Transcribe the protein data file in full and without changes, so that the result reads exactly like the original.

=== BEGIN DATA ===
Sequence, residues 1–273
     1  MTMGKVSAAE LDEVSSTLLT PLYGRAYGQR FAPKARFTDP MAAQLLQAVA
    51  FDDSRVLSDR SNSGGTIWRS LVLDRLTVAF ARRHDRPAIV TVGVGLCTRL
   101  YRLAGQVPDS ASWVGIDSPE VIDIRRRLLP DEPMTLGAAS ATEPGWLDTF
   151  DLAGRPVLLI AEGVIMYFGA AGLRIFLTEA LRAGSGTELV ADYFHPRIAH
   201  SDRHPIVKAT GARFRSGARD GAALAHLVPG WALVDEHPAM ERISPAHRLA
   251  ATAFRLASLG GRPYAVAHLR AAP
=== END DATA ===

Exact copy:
Sequence, residues 1–273
     1  MTMGKVSAAE LDEVSSTLLT PLYGRAYGQR FAPKARFTDP MAAQLLQAVA
    51  FDDSRVLSDR SNSGGTIWRS LVLDRLTVAF ARRHDRPAIV TVGVGLCTRL
   101  YRLAGQVPDS ASWVGIDSPE VIDIRRRLLP DEPMTLGAAS ATEPGWLDTF
   151  DLAGRPVLLI AEGVIMYFGA AGLRIFLTEA LRAGSGTELV ADYFHPRIAH
   201  SDRHPIVKAT GARFRSGARD GAALAHLVPG WALVDEHPAM ERISPAHRLA
   251  ATAFRLASLG GRPYAVAHLR AAP